In honor of National Screen-Free Week, I asked my friend Jen from Family Sponge to put together a blog post for us! Her family got rid of their television seven years ago and hasn’t looked back since!
We haven’t had a TV for seven years. It wasn’t a radical decision at the time. We just knew that something had to give—we were extremely busy, felt overwhelmed, and weren’t connecting as a family. So out went the television and in came books (lots of books), cooking, lengthy discussions, hiking, marathon training, Yatzee tournaments, bowling dates, geocaching and much needed sleep. My husband even learned to juggle five balls and ride a unicycle.
Life as we knew it slowed down and we finally caught our breath.
To stay up to date on world events, we go online to CNN or NPR. We are definitely out of the loop with the latest TV episodes and new fancy products. Sometimes we are buzz kill on the conversations that go “Did you see… last night”, but that is perfectly okay with us. The unexpected joys from not having a TV in our house trump any setbacks by a long shot, for example:
1. No cable bill. We have saved over $5500 these past seven years by not having a cable bill (and that is a very conservative estimate). Not to mention what it would cost to buy an actual TV, DVD player, DVR, video games, etc.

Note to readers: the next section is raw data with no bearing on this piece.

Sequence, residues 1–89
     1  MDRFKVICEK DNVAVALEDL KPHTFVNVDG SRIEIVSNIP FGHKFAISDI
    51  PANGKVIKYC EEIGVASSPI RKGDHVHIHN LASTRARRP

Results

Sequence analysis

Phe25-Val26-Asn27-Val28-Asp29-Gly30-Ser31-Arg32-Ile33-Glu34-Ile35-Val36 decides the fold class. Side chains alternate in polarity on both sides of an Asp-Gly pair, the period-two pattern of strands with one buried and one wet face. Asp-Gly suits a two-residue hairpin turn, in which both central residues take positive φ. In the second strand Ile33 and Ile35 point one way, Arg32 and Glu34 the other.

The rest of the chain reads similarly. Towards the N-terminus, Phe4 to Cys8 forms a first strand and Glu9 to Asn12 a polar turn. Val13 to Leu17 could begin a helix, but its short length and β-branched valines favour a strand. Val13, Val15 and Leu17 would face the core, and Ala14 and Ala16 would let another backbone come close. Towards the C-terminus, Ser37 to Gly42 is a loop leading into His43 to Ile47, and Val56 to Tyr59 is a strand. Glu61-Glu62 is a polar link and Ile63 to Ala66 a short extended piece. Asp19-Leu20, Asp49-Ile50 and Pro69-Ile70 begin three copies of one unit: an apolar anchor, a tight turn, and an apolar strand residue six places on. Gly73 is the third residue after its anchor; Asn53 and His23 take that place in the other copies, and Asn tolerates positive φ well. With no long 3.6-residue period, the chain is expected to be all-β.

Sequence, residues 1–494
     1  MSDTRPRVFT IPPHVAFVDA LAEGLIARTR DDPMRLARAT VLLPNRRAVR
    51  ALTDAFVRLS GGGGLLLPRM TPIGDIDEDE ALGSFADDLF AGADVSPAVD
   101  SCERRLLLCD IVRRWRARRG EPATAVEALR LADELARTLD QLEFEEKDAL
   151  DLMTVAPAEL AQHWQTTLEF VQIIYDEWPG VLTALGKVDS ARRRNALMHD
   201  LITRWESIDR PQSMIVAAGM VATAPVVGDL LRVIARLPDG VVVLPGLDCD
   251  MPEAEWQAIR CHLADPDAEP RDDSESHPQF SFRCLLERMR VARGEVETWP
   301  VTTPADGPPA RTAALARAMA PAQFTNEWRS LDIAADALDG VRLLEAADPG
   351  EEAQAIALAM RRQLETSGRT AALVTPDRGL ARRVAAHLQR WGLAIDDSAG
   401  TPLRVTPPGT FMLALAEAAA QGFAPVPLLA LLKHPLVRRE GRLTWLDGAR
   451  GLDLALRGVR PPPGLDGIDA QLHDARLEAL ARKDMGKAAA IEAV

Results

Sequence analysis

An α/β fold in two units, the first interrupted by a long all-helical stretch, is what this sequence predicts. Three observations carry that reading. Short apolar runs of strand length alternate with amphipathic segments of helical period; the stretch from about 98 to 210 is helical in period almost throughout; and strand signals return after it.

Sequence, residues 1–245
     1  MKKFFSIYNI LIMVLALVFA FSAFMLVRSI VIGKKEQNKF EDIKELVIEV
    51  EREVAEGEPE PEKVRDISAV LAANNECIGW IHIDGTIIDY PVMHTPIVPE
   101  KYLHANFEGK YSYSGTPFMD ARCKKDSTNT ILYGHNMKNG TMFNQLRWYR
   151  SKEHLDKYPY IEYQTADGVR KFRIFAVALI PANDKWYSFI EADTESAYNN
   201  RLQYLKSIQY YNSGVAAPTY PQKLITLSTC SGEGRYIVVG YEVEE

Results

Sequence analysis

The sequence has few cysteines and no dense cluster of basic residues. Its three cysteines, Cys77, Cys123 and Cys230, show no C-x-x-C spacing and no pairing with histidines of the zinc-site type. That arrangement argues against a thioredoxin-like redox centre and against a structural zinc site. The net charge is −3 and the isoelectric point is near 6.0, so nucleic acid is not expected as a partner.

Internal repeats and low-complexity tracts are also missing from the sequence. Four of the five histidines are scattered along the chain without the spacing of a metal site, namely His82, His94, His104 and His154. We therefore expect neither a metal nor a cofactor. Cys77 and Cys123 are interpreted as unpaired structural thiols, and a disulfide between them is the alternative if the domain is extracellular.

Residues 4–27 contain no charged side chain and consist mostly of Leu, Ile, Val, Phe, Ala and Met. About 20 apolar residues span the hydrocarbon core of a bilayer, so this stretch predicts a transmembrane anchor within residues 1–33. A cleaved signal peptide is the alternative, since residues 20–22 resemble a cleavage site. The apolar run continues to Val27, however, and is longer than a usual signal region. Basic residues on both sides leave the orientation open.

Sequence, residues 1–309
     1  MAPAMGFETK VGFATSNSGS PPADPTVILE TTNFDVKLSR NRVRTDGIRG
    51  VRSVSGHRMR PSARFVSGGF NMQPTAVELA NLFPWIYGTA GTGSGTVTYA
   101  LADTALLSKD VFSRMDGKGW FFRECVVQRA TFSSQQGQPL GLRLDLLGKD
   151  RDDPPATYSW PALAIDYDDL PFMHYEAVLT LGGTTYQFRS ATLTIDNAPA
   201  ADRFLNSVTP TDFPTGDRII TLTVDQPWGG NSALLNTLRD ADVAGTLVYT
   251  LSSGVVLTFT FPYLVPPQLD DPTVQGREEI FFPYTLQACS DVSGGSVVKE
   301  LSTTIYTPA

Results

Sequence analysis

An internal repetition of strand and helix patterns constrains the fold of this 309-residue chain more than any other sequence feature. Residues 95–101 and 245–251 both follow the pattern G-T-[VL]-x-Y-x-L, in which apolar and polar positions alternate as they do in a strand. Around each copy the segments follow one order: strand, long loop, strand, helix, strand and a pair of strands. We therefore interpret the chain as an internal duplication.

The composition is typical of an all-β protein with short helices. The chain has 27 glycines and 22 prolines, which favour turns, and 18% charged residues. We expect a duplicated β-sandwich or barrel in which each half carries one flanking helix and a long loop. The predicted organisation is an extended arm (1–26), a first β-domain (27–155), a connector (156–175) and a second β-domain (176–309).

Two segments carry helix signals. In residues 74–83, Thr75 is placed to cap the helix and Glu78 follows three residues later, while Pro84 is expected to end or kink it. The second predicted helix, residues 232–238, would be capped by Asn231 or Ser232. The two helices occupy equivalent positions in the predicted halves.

2. Become more creative. We listen to lots of music, do puzzles, board games, art projects, nature walks, cook together, ride bikes, read books, write books. We make elaborate snowmen when it snows, jump in puddles when it rains, and collect hundreds of leaves in the fall.
3. Don’t see commercials. This was definitely an unexpected perk and makes passing by the toy section in Target a walk in the park for our kids and ourselves.
4. The furniture in our home doesn’t revolve around a TV. Sounds strange, right? But it’s actually really nice to choose what is the focus of a room. Right now it is our eclectic wall of family pictures that dominate the living room.
5. Lots of Traveling. With the money we have saved and our appetite for adventure, we have made traveling a part of our family DNA. In the past seven years, we have backpacked through Europe, took a month-long road trip from Los Angeles to Glacier National Park in Canada, three trips to Amsterdam for art shows and architecture admiration and spent a week driving to Denver, Taos and the Grand Canyon. We even drove across country from LA to Tampa, FL along Route 66 with the kids for 10 days. With that kind of traveling, people think we have lots of money. But we don’t, seriously. We just don’t have a TV.
Jen Hansard is editor and art director of Family Sponge, a website devoted to inspiring parents to be adventurous, health-conscious and world-changers. Jen also holds the proud title of stay-at-home/work-from-home mom to two preschool-age children, and is hopelessly addicted to Starbucks, Craigslist, and her husband Ryan. To learn more about about Family Sponge, visit their WEBSITE or FACEBOOK or TWITTER.